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What is the best fly fishing floatant?

Few things are more annoying than a dry fly that refuses to float. So let’s discuss the best ways to keep your dry flies floating high and dry, and hopefully catch more trout.

Fly floatants

The most common way to keep a dry fly floating is by applying a water repelling coating which are typically referred to as a fly floatant. They help keep flies afloat. There are many different brands and products on the market, and they all seem to work well. It is best to apply the coating to an already dry fly, if you apply them to a saturated fly, they still do help but they are not magic and will not instantly dry out the fly.

I suppose readers, will want some recommendations. I mostly use gink which is a silicon based floatant. It has been around forever, works well, and in some places the name has even become a verb. Gink comes in a useful little bottle which makes applying the gel simple. The container might be small, but it lasts a long time. I usually only have to replace it once per season. Another worthwhile silicon based gink alternative is Loons Aquel.

When the weather is cold, I prefer to use Orvis Hy-Flote Gel. It is quite a bit more free flowing than the traditional gels. Meaning it can not become hard and difficult to apply in cold weather.

While gink is a gel, there are also powdery floatants. Some, such as Frogs Fanny you brush onto the flies, while others such as Shimazaki Fly Fishing Dry Shake Fly you put the entire fly into the container, and give it a good shake. It then comes out lightly coated. These powder based floatants work well when the flies are 100% dry, if you coat an already wet fly with them they come out like they are covered with frosting.

Try using more bouyant flies

Some dry flies are simply too lightweight to survive the tumbling of turbulent fast flowing water. When fishing white water, or using a heavy dropper it pays to use a bigger, more buoyant flies. Most highly buoyant flies represent larger terrestrial insects and are typically tied with either foam or deer hair.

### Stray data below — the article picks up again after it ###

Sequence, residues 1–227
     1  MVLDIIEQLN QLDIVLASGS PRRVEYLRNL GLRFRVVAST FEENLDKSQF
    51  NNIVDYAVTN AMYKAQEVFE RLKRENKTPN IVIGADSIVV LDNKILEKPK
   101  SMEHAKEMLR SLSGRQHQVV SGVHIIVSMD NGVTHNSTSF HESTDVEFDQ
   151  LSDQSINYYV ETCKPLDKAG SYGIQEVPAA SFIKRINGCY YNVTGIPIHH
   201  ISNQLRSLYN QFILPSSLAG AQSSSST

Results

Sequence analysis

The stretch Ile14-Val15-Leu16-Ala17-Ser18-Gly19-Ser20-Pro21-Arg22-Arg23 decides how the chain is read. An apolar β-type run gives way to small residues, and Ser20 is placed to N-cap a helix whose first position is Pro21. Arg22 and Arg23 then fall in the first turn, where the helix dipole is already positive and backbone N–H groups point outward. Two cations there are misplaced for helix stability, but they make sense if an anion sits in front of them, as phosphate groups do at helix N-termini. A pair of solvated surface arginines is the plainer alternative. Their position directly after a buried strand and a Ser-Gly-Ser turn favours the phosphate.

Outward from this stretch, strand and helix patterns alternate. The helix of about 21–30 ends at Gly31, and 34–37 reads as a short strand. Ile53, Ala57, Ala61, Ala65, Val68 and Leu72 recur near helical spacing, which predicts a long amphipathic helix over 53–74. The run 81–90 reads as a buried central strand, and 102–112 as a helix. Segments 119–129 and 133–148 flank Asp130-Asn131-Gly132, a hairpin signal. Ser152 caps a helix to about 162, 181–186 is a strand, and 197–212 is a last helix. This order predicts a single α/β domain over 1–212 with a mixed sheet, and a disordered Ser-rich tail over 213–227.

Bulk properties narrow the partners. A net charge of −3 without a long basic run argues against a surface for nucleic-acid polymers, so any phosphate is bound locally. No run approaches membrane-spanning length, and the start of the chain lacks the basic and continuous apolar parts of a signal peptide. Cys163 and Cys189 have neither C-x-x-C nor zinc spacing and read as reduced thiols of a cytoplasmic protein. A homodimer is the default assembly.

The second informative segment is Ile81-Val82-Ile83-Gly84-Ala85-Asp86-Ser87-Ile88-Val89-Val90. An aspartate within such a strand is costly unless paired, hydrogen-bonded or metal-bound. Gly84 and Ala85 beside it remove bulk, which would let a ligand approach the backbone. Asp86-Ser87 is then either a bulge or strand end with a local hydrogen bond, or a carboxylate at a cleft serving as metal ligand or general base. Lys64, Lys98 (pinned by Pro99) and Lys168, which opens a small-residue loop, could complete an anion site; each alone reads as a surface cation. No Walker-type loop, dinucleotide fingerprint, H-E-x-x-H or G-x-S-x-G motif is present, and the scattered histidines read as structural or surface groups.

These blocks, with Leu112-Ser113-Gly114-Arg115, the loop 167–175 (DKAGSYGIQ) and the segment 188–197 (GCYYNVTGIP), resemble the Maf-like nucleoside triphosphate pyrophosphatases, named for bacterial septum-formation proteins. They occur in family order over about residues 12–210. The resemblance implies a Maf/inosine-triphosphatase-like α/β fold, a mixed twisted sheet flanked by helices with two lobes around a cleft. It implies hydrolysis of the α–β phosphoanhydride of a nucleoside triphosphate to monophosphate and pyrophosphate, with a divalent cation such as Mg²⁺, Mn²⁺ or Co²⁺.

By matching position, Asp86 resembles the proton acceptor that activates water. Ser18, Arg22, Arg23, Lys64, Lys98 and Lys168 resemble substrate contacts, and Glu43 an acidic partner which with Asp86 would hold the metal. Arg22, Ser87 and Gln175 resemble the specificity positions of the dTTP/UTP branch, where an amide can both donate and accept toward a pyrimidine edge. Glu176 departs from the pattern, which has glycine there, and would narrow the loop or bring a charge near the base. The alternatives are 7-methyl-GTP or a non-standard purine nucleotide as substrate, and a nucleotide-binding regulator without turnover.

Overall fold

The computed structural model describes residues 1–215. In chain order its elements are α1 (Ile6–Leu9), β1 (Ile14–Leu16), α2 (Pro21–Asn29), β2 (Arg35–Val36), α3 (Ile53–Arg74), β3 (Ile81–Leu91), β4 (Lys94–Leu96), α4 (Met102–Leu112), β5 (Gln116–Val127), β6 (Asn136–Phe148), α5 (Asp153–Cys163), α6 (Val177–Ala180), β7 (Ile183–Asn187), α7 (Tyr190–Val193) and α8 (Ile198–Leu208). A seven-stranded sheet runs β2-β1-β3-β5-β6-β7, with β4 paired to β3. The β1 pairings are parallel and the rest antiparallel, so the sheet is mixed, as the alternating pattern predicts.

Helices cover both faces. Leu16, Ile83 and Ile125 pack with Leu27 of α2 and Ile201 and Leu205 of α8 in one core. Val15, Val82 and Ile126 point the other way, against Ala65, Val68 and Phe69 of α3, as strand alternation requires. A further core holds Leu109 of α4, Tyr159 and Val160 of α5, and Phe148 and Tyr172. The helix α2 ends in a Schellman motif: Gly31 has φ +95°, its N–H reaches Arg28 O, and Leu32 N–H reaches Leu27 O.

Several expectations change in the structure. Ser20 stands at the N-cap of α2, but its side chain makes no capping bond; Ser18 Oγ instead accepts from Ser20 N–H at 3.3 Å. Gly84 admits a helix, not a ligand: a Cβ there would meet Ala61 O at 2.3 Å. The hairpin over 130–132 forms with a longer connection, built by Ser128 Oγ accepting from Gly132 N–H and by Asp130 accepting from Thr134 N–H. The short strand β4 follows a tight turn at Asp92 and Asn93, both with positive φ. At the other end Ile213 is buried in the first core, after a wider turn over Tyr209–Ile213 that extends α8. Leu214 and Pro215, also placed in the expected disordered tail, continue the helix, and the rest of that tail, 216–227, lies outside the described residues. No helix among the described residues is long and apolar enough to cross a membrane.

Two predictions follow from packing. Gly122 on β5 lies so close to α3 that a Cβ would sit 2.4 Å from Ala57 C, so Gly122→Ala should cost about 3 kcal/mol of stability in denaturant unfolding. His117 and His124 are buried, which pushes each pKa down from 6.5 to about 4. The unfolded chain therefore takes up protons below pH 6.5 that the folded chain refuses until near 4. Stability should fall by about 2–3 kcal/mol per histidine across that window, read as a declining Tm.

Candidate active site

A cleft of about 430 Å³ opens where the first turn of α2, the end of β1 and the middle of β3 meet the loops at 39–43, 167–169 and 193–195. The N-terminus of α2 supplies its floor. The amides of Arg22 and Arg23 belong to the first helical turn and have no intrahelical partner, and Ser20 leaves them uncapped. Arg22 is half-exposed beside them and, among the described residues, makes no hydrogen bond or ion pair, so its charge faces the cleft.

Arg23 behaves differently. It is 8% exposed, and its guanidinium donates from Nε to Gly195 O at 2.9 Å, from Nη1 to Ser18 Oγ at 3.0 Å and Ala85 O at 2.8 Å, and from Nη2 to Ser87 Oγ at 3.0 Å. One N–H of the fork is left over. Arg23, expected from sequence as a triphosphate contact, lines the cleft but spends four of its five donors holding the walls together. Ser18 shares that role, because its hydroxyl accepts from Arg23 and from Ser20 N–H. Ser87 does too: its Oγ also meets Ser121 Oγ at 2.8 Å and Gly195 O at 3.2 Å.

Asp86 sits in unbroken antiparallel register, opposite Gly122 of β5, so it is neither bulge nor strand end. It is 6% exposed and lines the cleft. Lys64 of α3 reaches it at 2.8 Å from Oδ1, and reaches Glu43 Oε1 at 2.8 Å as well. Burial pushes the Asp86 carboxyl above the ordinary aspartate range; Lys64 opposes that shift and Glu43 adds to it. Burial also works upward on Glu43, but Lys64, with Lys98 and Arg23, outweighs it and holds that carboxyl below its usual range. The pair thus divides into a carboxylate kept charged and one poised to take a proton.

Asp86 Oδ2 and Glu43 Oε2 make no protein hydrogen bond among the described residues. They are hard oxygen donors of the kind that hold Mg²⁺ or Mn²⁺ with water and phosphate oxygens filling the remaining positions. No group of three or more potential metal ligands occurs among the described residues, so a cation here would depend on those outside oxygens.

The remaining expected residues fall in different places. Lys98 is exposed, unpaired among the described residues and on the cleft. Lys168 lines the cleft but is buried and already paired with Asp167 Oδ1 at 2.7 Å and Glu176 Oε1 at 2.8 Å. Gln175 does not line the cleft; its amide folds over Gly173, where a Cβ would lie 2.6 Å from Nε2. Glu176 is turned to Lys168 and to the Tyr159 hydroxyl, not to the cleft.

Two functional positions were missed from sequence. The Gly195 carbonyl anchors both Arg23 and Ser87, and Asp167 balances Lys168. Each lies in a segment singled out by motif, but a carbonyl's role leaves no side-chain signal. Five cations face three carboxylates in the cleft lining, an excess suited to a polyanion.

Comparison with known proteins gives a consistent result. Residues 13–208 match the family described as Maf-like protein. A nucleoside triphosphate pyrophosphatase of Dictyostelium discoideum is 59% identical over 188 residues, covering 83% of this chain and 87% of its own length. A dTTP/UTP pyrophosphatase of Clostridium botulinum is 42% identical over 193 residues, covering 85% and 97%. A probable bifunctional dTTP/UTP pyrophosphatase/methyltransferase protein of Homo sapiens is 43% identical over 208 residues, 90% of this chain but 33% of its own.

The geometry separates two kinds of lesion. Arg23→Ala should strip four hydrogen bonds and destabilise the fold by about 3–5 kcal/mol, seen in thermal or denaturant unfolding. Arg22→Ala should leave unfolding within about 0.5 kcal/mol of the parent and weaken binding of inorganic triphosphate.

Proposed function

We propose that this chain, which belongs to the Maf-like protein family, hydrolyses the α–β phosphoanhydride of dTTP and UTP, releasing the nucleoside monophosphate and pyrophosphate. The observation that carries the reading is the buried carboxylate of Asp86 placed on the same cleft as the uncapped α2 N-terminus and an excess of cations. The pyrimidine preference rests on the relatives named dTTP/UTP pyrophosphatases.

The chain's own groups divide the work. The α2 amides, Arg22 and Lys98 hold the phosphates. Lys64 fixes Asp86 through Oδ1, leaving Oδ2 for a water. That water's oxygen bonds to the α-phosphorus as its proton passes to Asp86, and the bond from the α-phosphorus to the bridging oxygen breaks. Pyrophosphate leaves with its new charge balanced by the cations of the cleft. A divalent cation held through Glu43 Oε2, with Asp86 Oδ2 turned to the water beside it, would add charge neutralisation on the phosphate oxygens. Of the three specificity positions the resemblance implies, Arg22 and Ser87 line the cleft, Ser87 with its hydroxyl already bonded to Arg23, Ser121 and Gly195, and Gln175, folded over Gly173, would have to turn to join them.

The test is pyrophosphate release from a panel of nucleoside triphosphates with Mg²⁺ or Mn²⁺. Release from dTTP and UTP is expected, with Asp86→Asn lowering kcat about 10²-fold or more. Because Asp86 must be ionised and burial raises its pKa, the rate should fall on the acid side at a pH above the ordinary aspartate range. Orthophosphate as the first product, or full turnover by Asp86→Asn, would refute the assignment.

Poor quality dry flies sink faster

Flies that are tied with low quality materials can sink faster. Dry flies float best when they are tied with stiff hackles which trap more air allowing the fly to remain buoyant. Soft, flexible hackles can quickly become waterlogged which will cause the fly to sink.

Foam flies

While traditional dry flies float well, sometimes the water is simply too turbulent and no amount of floatant will keep them aloft. This is where foam flies really shine. Their bodies are made from foam, so they float extremely well.

If you are fishing turbulent water, with a lot of down currents they are an excellent choice. Likewise, if you are fishing a beadhead dropper beneath the dry, a foam fly will stay on the surface much longer than most other designs.

Bulky Deerhair flies

If you wish to stick with natural materials or do not like the presentation of foam. Then bulky deer hair flies also float very well. A classic example will be the Stimulator which is tied with quite a bit of deer hair.

How to dry a dry fly?

If a fly starts to sink, dry it before treating it.